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The theme of "The Metamorphosis" is modern man's sense of isolation. Driven to work long hours in meaningless jobs around people who do not care about others, just like Gregor, mankind seems to live a meaningless and ineffectual existence. Although Gregor's metamorphosis is actual and physical, Kafka implies through his change that all too often mankind is forced into an insect-like existence, no better than the bugs at the bottom of the natural order. When mankind tries to rise above their insect status and connect with humanity, as Gregor did when he emerged from his room to see his sister and listen to the violin, they are cruelly driven back into isolation and alienation. Through Gregor, Kafka presents a totally tragic view of man's existence.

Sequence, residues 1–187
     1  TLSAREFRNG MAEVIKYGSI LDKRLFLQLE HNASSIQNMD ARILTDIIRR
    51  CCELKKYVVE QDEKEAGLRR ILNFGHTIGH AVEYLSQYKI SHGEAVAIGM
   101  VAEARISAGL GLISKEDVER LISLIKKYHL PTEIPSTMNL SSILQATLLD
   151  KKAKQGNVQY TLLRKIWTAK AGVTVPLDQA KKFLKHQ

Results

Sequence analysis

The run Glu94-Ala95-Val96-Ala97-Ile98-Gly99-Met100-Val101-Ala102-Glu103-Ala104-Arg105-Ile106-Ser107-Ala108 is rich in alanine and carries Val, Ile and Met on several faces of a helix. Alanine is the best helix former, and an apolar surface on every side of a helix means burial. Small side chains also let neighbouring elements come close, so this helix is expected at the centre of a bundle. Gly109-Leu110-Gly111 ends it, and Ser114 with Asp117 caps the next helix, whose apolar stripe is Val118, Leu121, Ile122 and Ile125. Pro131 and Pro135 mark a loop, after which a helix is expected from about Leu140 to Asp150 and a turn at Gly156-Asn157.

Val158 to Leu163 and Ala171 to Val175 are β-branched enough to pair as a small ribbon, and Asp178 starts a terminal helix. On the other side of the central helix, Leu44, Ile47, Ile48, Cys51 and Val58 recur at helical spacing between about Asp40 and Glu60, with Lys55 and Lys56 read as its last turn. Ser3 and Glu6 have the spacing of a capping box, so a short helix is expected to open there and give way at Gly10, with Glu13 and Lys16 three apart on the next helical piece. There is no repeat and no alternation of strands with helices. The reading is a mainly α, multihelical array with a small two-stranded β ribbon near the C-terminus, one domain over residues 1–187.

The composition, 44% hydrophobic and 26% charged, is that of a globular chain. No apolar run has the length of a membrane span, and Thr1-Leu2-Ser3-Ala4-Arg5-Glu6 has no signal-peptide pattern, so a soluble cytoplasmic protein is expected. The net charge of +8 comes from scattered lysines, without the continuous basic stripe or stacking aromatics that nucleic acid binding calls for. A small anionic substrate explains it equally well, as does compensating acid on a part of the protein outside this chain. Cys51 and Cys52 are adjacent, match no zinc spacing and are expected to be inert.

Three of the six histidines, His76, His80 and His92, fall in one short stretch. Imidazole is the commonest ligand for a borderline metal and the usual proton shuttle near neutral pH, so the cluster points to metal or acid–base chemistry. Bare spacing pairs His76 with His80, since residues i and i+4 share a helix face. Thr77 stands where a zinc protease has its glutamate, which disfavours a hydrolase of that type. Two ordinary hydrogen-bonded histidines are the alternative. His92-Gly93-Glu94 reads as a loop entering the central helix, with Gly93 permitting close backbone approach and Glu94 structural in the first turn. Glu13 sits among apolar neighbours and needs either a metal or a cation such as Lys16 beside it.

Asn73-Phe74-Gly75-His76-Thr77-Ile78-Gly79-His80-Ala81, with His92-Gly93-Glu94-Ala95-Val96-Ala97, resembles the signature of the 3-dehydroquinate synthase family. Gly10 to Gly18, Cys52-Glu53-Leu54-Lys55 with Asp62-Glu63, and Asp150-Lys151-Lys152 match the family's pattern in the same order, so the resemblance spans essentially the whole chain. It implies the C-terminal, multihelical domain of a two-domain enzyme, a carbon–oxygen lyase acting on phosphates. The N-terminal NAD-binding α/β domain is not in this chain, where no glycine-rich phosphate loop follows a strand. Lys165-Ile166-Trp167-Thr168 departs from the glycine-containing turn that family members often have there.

Kafka also shows that mankind is driven by materialism, often to the exclusion of developing human relationships. Modern life demands that a person have a job to earn money to fulfill materialistic desires. The materialistic mind-set usually enslaves the individual and transforms him into a beast or insect who does not have time to care for others. Gregor is the perfect example. He hates his job as a salesman but endures it in order to provide material things for his family. In order to have and give financial security, he sacrifices a social life, companionship, pleasure, and dreams. His life is miserable, and he counts the days until he can quit his job.
Ironically, the people that he supports and loves prove they have no depth of emotion for him. Once he cannot financially care for them, they one by one desert him, adding to his total misery. Gregor is literally left to climb the walls and die in total alimentation. Through him, Kafka is warning modern society that it is being forced into an existence similar to that of Gregor.